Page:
A French and Dutch frigate successfully shared plot-level radar data. Data from a radar has been shared for decades via Link 11, for example, but these are just the labels that computers or people have attached to a switch. Now the radar data itself is split and combined.

It did not happen directly between the ships, explains Rogier Noorland from Thales. The radar data was sent to the other ship via so-called battle labs in the Netherlands and France. “It was now the easiest way to get permission to exchange secret data between a French and a Dutch ship,” says Noorland.

The result, Noorland says, is a more accurate track with more updates, better continuity (multiple radars looking at the same target, so if one radar briefly loses its target, there’s no lost track). It is also more difficult to block multiple radars at the same time, so there is less chance of problems even in a noisy environment. If the track is of high quality and continuously updated, it can also be launched. That is the next step, says Noorland.

Another plan is to test PLDEF with supersonic targets.

Since 2021, a tender has been running within the European Defense Fund, linked to PLDEF, called Naval Collaborative Surveillance. Thales is also participating in this tender and halfway through this year it will be announced which consortium will be allowed to proceed with this.

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Another example is the test that took place a few weeks ago with the land variant of the NS200 radar, the Groundmaster 200 (GM200). This radar detected a “military drone” flying north of the Wadden Islands. The radar image shown to the guests was filled with birds and windmills. But the radar (and especially the software) managed to pick out the drone from the North Dutch coast, says Marco Strijker. It is difficult because birds are very similar to drones. These can be filtered out, but advanced processing is required to distinguish between drones and birds.

SMART-L MM/N (also called SMART-L ELR), recognizable on the blocks instead of stripes from the old SMART-L, after delivery in Den Helder. (Photo: Defence)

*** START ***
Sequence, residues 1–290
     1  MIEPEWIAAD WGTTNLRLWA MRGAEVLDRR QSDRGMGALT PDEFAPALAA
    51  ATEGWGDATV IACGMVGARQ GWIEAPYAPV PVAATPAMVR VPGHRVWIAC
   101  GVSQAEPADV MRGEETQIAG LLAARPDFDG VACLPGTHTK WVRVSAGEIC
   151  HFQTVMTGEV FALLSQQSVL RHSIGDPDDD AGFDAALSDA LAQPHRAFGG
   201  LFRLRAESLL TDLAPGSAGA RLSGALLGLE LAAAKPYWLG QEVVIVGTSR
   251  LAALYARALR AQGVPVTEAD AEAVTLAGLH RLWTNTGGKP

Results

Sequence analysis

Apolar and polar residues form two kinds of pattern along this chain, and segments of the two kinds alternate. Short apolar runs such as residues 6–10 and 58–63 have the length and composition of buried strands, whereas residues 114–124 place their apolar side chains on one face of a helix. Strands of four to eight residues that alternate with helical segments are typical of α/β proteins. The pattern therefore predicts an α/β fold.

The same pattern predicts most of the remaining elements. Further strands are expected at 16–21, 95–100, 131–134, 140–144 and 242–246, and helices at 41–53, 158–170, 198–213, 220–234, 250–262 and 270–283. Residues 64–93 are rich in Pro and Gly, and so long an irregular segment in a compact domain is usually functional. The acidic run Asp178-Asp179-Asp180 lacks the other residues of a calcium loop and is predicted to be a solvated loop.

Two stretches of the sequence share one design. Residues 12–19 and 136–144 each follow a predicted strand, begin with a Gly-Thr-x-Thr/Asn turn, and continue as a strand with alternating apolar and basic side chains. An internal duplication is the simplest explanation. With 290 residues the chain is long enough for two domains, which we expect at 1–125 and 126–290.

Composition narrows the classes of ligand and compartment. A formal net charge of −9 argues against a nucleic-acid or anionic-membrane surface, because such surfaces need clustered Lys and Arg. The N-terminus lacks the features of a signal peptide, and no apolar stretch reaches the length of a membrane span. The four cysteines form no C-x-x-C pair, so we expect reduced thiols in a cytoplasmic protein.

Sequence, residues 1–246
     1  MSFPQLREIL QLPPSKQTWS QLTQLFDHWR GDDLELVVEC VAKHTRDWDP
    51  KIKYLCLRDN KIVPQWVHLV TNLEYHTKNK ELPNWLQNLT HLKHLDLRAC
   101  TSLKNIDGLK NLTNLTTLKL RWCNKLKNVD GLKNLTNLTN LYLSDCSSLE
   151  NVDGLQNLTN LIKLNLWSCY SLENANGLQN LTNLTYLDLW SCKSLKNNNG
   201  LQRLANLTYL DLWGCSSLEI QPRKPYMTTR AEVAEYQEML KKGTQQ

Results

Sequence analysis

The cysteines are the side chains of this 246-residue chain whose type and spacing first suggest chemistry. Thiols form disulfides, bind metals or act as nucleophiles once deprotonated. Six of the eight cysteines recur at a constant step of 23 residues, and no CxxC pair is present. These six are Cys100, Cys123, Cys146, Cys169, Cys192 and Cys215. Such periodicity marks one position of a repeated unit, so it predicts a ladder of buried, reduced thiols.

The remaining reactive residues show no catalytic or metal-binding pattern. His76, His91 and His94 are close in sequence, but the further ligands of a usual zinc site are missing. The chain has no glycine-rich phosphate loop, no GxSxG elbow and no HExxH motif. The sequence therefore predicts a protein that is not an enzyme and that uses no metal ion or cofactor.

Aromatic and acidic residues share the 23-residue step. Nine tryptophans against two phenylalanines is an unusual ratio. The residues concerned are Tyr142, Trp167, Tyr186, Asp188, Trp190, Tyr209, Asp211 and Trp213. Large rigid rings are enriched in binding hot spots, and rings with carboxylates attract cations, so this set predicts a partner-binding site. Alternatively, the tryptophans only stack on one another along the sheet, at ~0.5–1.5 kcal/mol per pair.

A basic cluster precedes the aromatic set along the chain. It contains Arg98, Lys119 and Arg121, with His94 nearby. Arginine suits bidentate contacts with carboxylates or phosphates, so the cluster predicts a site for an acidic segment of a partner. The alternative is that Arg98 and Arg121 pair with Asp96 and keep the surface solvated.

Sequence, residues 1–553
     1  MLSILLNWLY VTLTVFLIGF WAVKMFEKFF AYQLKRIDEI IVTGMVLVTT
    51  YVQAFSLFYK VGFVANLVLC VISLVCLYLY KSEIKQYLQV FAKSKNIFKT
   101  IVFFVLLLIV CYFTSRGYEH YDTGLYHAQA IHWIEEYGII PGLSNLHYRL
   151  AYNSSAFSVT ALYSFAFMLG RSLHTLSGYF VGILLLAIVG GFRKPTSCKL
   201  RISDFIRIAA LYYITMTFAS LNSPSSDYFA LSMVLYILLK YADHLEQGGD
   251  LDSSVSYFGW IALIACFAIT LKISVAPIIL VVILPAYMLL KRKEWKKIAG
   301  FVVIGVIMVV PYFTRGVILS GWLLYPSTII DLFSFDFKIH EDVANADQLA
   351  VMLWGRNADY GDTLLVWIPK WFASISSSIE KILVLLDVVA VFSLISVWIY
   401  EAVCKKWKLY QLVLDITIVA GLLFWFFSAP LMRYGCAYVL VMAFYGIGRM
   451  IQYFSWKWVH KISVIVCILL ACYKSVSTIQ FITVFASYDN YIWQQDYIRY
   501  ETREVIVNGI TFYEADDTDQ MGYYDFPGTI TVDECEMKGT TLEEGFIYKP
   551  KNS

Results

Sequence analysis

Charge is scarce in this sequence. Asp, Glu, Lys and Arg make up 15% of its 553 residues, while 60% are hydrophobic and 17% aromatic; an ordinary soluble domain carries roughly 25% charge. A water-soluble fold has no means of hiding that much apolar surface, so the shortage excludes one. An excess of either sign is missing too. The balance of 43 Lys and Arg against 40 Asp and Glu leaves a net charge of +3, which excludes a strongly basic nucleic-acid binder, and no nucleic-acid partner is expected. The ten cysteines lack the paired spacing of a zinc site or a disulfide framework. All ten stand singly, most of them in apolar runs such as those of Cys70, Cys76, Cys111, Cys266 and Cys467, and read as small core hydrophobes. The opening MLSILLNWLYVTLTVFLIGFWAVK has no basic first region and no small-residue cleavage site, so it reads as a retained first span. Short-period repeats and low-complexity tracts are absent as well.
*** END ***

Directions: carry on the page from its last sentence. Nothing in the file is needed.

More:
At the other end of the spectrum is the SMART-L MM/N, which can track very fast targets such as satellites reaching speeds of 8,000 kilometers per second (Mach 24) and the fastest ballistic missiles (7,000 km/s).

This radar will be deployed again in ballistic missile defense mode next spring in May for the BMD exercise Formidable Shield 2023. During the press tour visit to the navy in Den Helder, understood that Zr.Ms. Trump will participate in this exercise.

Despite these successes, new SMART-L MM/N commands are still pending. To date, the naval version has only been sold to the Dutch Navy. Germany is known for having the German radar manufacturer Hensoldt develop its own BMD radar to replace their old SMART-L. Denmark was previously interested in AEGIS to replace their current SMART-L at Iver Huitfeldt. Thales has not said anything about this, but rather understood that the Danish Navy has rejected that plan because of the high costs. How far is not yet known.

Nevertheless, Thales managed to report a SMART-L related task. Italy, France and Great Britain have signed a contract with Thales for the maintenance and support of the S1850M radars. This radar is a slightly modified version of SMART-L and is installed on various naval vessels of the above countries.

Jamie Author: Jaime Karremann
Jaime is the founder of and has written more than 1,500 articles on various naval topics. In 2017, he published his non-fiction book In the deepest secret from and later submarine thrillers Killer whale. Before Jaime began working full-time with this site, he spent over 12 years in the Navy, mostly in a civilian role. Jaime studied communication in Groningen.